Working towards sustainability means package designs that acknowledge and respond to the larger system that the product/package is a part of. A package is integral to that broader system, and part of the big system’s sustainability.
A design that merely does not worsen the system’s sustainability is not a breakthrough. And packaging pursuing only its own greenness is missing the chance to help the whole system.
The leading edge of packaging design often falls short. Designers recognize the centrality of sustainability. But they often work with a narrow perspective vis-a-vis the wider total lifecycle and contextual reality of the package. More often than not, the view is too narrow, focused on a simple substitution; “Do it with a renewable material”.
Another narrow-view solution is finding a secondary use for the package. That is not enough. In most contexts, there will be too many waste packages for the secondary use opportunity. We cannot turn all PET soda bottles into jackets and pullovers.
How can designers and brands work together to come up with solutions?
Each side knows much the other does not. Joining brand owner experts with designers and innovators can move designs to the next level. This means joint explorations of possibility taking a whole systems view, understanding emerging change, learning together, and finding inspiration from parallel and distant situations. For example, drawing on nature, harking back to old approaches, and discovering things from other cultures all can inform and inspire design thinking.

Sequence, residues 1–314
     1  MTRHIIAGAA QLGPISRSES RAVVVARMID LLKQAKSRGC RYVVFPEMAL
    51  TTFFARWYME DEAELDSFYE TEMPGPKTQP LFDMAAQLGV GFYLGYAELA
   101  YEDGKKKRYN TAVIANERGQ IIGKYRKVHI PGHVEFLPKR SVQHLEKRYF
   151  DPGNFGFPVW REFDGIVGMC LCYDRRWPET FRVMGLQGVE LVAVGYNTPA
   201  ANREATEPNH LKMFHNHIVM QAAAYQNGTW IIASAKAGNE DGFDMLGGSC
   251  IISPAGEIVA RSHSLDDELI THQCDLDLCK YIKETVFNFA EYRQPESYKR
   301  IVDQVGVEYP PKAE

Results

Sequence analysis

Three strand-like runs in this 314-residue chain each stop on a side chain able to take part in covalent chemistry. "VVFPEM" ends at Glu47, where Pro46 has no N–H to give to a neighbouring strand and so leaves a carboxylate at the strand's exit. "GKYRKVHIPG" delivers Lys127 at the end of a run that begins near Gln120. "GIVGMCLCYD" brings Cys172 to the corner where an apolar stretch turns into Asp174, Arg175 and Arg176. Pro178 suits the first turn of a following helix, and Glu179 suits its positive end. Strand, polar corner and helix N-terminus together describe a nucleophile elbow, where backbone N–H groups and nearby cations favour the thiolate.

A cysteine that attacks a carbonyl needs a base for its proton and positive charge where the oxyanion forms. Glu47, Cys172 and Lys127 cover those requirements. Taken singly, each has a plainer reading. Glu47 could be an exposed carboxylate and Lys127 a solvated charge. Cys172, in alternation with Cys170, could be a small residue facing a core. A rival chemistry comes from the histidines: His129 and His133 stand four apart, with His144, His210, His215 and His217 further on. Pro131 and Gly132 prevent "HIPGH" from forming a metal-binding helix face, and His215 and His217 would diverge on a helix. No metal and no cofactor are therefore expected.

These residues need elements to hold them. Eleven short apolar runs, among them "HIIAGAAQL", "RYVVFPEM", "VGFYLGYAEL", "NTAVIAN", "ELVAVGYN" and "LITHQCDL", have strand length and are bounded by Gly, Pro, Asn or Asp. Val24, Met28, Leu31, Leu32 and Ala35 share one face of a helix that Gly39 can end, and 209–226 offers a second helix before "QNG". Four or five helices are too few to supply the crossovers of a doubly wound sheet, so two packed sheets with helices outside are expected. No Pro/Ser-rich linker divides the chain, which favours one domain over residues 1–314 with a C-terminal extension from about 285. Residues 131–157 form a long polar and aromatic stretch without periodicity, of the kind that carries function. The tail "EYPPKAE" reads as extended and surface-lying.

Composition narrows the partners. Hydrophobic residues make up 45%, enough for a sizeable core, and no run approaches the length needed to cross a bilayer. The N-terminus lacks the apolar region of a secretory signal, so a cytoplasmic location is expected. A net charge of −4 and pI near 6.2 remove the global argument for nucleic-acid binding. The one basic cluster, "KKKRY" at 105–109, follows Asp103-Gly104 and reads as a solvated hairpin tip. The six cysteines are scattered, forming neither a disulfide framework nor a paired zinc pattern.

Are consumers really demanding change?
Designers and innovators should know what consumers want. But they also often have to lead and educate consumers for the need for change. On the old question of technology push versus market pull, the answer is, both.
More consumers live where there are tightening requirements for sustainability, limiting, recovering, and recycling waste. Brand owners’ choices in packaging may hand the consumer a waste problem. A consumer may not make a personal choice for more sustainable packaging. But if their community requires something, it’s part of their daily lives anyway.
How do you balance sustainable design with a better consumer experience?
Work to make sustainability itself par of the consumer experience and do it well.
What role does education play with consumers when designing for sustainability?
It is central. To be able to educate the consumer about sustainability while also handing them a solution that works in their lives is the pathway to success.
We bring this kind of thinking to our triennial Future of Packaging program. It’s a multi-sponsor program for packaging executives and others with a strong interest in packaging. For more about the program, visit Future of Packaging: 2030. Our program launches at the beginning of 2019.